– Montenegro changes its citizenship law

Jelena Džankić
A long road to the EU

When Montenegro received its candidate country status in November 2010, the European Commission (EC) recommended that the country fulfil seven conditions before opening accession talks. The requirement that topped the EC’s list was the need to adopt a new Election Law. Yet the adoption of the new election legislation, which had been on hold since the country became independent in 2006, was a cumbersome task. Since Montenegro is a divided society, it required a number of political compromises, notably on the name of the language subject in elementary education, and on the citizenship status for people from other republics of the former Yugoslavia. Hence, along with the adoption of the Election Law in September 2011, the process of Europeanisation (through EU’s political conditionality) has also yielded a change in Montenegro’s citizenship legislation, resulting in a facilitated naturalisation for citizens of the former Yugoslav republics.

According to the new article 41v, citizens of one of the republics of the former Yugoslavia who registered residence in Montenegro at least 5 years prior to the date of Montenegro’s declaration of independence (3 June 2006) can be granted Montenegrin citizenship, provided they did not unregister their residency in Montenegro before submitting the application, and that they fulfil financial conditions and have security clearance as stipulated in article 8, para 1, points 4, 5, 7, and 8 of the Montenegrin Citizenship Act. In addition, the applicant is required to deliver a written statement about his or her acceptance of the rights and duties of Montenegrin citizenship, along with a request for admission to Montenegrin citizenship to the Ministry of Interior.

In the context of Montenegro’s citizenship regime, which is among the most restrictive in the Balkans in terms of naturalisation requirements and intolerance of dual citizenship, the amendment implies that applicants are no longer required to obtain release from their citizenship of origin. This will facilitate the naturalisation of a number of people from other former Yugoslav republics, who could not obtain release from their citizenship of origin, either due to poorly kept registers, the consequences of the wars of Yugoslav disintegration, or who simply wanted to keep their primary citizenship. In principle, the most recent amendment is also a step towards tolerating dual citizenship. By submitting the statement that they accept the rights and duties of Montenegrin citizenship the person essentially should renounce his or her citizenship of origin. Nevertheless, as no formal renunciation is required, naturalised individuals will be able to retain both passports. Data protection acts in other post-Yugoslav states will prevent the Montenegrin authorities from withdrawing the Montenegrin citizenship of a person who holds another passport, as occurred in the case of a pro-Serb politician in March 2011.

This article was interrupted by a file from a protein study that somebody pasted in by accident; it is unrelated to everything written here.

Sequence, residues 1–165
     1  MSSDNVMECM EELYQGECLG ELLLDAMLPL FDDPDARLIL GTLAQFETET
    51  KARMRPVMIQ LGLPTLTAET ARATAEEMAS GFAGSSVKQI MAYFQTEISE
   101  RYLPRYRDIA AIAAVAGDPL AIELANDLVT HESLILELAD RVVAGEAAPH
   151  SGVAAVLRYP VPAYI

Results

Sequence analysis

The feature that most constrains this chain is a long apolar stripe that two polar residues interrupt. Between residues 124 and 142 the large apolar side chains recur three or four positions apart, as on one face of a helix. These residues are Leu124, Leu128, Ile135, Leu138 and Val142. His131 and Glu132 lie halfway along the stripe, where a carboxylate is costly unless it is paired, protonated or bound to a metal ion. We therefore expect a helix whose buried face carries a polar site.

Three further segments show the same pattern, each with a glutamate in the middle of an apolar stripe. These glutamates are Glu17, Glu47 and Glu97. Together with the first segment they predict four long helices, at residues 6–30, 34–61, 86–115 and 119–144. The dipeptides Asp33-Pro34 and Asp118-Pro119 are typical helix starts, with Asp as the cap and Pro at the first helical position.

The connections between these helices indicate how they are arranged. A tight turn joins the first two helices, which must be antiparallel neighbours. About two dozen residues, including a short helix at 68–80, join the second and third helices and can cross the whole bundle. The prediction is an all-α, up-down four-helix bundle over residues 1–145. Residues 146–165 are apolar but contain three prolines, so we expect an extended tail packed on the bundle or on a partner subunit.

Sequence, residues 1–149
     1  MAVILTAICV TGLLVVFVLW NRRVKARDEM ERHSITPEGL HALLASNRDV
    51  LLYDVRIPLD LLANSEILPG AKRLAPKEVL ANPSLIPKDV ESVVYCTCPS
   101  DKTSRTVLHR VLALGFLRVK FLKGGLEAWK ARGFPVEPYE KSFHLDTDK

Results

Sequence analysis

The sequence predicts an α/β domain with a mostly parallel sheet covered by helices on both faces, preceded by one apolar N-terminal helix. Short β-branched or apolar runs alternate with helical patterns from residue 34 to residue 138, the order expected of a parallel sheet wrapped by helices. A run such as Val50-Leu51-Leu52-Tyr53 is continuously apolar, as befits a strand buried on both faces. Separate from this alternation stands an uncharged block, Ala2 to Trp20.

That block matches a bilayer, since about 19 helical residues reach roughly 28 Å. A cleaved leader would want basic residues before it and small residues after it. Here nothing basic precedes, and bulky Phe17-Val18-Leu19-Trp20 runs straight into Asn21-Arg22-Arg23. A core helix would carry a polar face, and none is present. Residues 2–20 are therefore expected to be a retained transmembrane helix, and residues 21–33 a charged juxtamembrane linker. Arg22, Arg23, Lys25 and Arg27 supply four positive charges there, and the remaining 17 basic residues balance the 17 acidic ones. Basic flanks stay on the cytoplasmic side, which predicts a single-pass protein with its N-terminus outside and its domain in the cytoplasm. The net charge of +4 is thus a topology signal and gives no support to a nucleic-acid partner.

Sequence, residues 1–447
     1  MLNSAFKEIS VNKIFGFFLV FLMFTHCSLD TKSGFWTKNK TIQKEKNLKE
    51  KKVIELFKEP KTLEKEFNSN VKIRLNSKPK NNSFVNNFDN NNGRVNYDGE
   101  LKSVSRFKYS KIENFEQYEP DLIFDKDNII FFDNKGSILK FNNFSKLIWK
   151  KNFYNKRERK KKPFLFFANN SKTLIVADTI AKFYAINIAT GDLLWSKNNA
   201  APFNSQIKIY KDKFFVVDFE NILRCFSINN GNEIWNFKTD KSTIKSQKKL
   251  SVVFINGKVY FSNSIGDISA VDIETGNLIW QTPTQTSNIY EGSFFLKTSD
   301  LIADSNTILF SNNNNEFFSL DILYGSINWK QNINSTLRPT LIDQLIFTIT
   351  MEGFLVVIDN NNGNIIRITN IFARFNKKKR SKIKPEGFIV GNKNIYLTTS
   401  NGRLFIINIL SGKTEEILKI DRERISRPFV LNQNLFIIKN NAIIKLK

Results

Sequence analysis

However, despite the liberalizing effect of Europeanisation on Montenegro’s citizenship legislation, a large number of people seeking Montenegrin citizenship will remain unaffected by the new provisions. This is especially true of the Roma, who came to Montenegro during the Kosovo crisis in 1998 and 1999. For them, the problematic aspect of the new provision is that the law still requires the applicants to have registered ‘residence’ in Montenegro, since most of the Roma have registered with the Bureau for the Care of Refugees, which is an institution that does not grant residence status (see EUDO case law on Montenegro). Being a marginalised societal group, the majority of the Roma did not undergo the adequate procedures required to obtain lawful residence.

In order to understand why the Roma population will be largely unaffected by the new provisions for naturalisation, it is important to reiterate that the most recent amendment to the 2008 Montenegrin Citizenship Act came as part of the package of legislative changes that the government and the opposition agreed upon as preconditions for the adoption of the new Election Law.  It was negotiated among the major ethnic (Montenegrin, Serb, Bosniak, Albanian, Croat) and political (DPS, SNP, Nova) players. Hence Roma were largely at the margins of this debate, as well as the Serbs from Kosovo, who registered with the Bureau for the Care of Refugees. The provisions adopted will mostly be of use to the people from Bosnia and Croatia who sought refuge in Montenegro in the early 1990s (who were predominantly of Serb ethnic background), registered lawful residence, but failed to naturalise previously as they could not obtain release from their citizenship of origin. However, had they at any given moment unregistered their residence in Montenegro so as to regulate their citizenship of origin, they would not be covered by the scope of the amendment to the Citizenship Act.

The politicization of the citizenship issue in the context of the adoption of the Election Law reflects the significance of the way voting rights are regulated in Montenegro. Franchise is of utmost importance in a country of less than half a million voters, where the electoral races of the past twenty years have had very tight outcomes. Hence, the question of whether the influx of pro-Serb voters would change the electoral results prevented the pro-Montenegrin government from changing the citizenship legislation and postponed the compromise on electoral legislation for almost five years. Yet, the approaching date of publication of the Progress Report of the EC forced the political actors to reach an agreement, which is an example of the transformative power of Europeanisation.